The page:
For a collector of period items there is nothing more vexing than a fake or forgery offered as an original, vintage item. The higher the rarity, the greater the amount of fakes circulate. Unfortunately, in the field of nautical insignia and hat badges in particular, there is a cottage industry of unscrupulous vendors offering fakes and thus inserting into an already small field a score of spurious items. Some collectors unwittingly scoop up these fakes, to the financial gain of the faker and detriment of the hobby.
An issue with maritime industry and U.S. Merchant Marine hat badges is that published references are few and far between for the interested student and serious collector. It is often difficult to determine what is truly a period or piece, given the paucity of information and relative sophistication of fakers. Coupled with the aforementioned, insignia items are often altered, defaced or invented by bored mariners, thus provenance and determination of "genuineness" is at times problematic. Fortunately there exists a small number of references devoted to the subject: a self-published book by Rudy Basurto acts as a general catalog and starting point for anyone interested in the subject - it is not an academic treatment of insignia, rather is more a collection of images and pithy descriptions and some of the insignia depicted exist only in long-lost regulations; a smattering of articles published in the ASMIC Trading Post by Dave Collar and Bill Emerson have depth to their descriptions and illustrate insignia quite well; a more specialized treatment of U.S. Maritime Service and Army Transport Service (in its various guises) is found in a self-published work by Steve Soto and Cynthia Soto; ATS-only topics are treated by Bill Emerson in his encyclopedia survey of U.S. Army Insignia; perusing Herbert Hillary "Sarge" Booker's newsletter "Crow's Nest" details some of Basurto's material and offers variations of maritime insignia; Joseph Tonelli, in his Visor hats of the United States Armed Forces presents some handsome examples of many common and not-so-common head wear of the sea services, with the Maritime Service and Merchant Marine included. In a future post I will provide a list of the majority of published and "self-published" works on the topic. Readily accessible, Collar and Emerson are indispensable; take care in looking at Basurto's "book"; it is a good starting point, however many of the hazy depictions of insignia have been picked up by forgers.
As follows is a gallery of fakes, plain and simple, along with a discussion of each. A great many of these items were manufactured in the 1980s and began re-surfacing in the early 2000s to the present day.
ATS Chief Petty Officer
This device comes up in online auctions from time-to-time with examples in bronze. The dead give-away for this badge is the "hand applied" rope. The wire is loose, and the reverse solder is blotchy. Fakes of this badge often have the NS Meyer hallmarks - this is due to the fact that the dies were sold at auction in the 1990s when the NS Meyer plant closed - every quarter about 3-4 of these badges find their way to sale.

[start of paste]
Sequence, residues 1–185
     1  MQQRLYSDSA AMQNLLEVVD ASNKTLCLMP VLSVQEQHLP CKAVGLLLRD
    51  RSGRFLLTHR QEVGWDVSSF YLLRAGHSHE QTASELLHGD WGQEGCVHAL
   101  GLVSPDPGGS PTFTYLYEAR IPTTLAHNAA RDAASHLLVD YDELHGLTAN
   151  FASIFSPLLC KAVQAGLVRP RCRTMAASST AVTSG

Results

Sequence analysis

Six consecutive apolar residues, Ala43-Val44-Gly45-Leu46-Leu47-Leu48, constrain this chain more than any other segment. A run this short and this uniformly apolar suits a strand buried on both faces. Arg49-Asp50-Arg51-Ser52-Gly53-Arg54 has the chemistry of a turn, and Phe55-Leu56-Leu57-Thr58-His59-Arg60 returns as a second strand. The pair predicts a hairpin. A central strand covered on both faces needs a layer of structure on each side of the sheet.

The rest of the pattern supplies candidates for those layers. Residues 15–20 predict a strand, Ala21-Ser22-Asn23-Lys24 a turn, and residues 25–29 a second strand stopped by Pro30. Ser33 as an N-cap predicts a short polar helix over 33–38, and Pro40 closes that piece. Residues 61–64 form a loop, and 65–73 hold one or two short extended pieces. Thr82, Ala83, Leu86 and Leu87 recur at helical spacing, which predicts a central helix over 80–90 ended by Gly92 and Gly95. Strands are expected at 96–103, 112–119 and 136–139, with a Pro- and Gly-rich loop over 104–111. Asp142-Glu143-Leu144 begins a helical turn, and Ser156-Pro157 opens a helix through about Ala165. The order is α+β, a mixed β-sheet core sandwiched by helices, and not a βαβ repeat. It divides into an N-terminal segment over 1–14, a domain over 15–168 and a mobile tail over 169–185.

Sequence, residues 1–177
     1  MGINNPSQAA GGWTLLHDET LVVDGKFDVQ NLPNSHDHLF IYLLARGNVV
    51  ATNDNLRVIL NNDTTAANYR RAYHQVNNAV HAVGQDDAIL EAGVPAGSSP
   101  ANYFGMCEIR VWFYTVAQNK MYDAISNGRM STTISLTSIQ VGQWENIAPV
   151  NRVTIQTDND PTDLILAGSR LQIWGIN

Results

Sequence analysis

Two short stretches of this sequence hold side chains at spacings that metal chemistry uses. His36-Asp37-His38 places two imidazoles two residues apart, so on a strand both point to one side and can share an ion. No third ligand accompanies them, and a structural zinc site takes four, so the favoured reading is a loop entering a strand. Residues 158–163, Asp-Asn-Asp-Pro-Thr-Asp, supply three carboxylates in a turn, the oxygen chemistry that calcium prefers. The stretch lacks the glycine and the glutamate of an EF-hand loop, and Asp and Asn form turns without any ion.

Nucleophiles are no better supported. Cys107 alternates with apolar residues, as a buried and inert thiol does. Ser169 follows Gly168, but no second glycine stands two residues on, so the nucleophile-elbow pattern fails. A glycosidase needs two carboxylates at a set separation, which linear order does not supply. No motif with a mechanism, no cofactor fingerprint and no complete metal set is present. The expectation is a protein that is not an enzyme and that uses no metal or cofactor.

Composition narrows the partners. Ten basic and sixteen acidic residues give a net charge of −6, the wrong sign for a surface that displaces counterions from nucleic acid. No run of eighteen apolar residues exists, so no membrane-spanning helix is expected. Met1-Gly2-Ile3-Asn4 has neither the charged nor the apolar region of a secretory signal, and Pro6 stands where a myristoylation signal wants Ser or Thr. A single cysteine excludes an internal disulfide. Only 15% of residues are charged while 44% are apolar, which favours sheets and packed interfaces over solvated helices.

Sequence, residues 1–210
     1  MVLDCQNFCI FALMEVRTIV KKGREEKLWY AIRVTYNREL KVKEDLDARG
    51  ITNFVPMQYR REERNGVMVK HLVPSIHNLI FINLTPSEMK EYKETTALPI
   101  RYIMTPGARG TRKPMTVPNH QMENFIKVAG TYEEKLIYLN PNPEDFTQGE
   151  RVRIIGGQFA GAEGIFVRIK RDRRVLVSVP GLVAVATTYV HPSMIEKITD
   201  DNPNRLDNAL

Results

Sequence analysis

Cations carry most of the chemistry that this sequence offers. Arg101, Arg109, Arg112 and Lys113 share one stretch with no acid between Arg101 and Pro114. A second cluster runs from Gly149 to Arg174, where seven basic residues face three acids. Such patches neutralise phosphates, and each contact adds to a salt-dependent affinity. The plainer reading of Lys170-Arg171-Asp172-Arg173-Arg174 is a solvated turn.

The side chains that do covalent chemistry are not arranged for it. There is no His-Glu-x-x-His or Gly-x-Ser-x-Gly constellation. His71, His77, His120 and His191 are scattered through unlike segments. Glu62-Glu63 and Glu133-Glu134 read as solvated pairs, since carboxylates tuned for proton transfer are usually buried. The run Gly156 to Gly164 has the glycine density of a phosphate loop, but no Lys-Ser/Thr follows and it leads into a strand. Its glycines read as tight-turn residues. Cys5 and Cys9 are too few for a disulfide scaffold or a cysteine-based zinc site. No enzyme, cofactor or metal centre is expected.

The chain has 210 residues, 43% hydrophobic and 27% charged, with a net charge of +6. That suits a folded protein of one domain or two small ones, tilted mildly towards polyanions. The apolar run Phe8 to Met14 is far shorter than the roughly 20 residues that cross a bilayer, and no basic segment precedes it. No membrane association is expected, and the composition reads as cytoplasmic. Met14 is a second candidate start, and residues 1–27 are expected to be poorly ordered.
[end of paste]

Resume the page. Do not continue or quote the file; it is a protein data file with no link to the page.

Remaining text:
USMS Chief Petty Officer
The applied anchor is a dead giveaway. No USMS CPO devices were ever manufactured that have said application.
US Coast & Geodetic Survey Officer
This is a fun badge. The eagle is actually a MSTS eagle with a USCG shield and USN anchors. US C&GS hat badges from the time of the Second World War are exclusively woven. Only postwar did metal hat badges come to be manufactured; and with those matching NOAA examples from the present day.
US Coast & Geodetic Survey Senior Chief Petty Officer
This badge is problematic in several ways. It was not until 1968 that the US Navy Uniform Board approved a Master and Senior Chief Petty Officer cap insignia - similar to their collar devices, with one or two silver stars superimposed on the anchor, inverted and centered on the stock. The US Coast Guard soon followed the US Navy's lead in 1970, as did the US C&GS. The US C&GS never had Chief Petty Officers, per say, as all unlicensed mariners aboard ship were un-uniformed Federal, civil-service employees. Proposed insignia tables were published in 1965 without examples being produced. With the transfer of the agency to the Environmental Science Services Administration, all non-commissioned officer positions were removed and finally ceased to be with the 1970 reorganization into the National Oceanic and Atmospheric Administration.
Further complicating matters for this particular hat badge is the fact that the star is not of the type used by any of the licensed manufacturers of US Military establishment insignia, and and the anchor itself is that of a US Navy ROTC/Anapolis midshipman. The only US CG&S true device is the triangle within the circle.
USMS Supply Officer
This purports to be a hat badge, however it may be an attempt to create a collar badge which existed only in regulation form.
US Navy Commissioned Officer
This is quite frankly a fantasy. An actual US Navy Commissioned Officer hat badge of the "pre-1940s" type has been detailed previously. This badge may also be seen in a similar configuration as a WSA badge with bronze anchors. Caveat emptor.
No such badge was ever produced or existed. Unofficial ATS examples are without supporting strut and are wreaths with a pin-on center device; the same is true for MSTS hat badges.
This is sometimes advertised as either an ATS Electrician or Radioman. See above.
US Army Harbor Boat Service - Tug Boat Service
This is a fantasy.
Harbor Boat Service Officer
This is a fantasy, and a fun one, at that. Oftentimes fantasies will purport to be a variation by the mere application of a small device on the shield of a US Navy Commissioned Officer's hat badge. Given that not only is the hat badge incorrect for the period (pre-1940), the US Army Quartermaster's device is also incorrect for the same.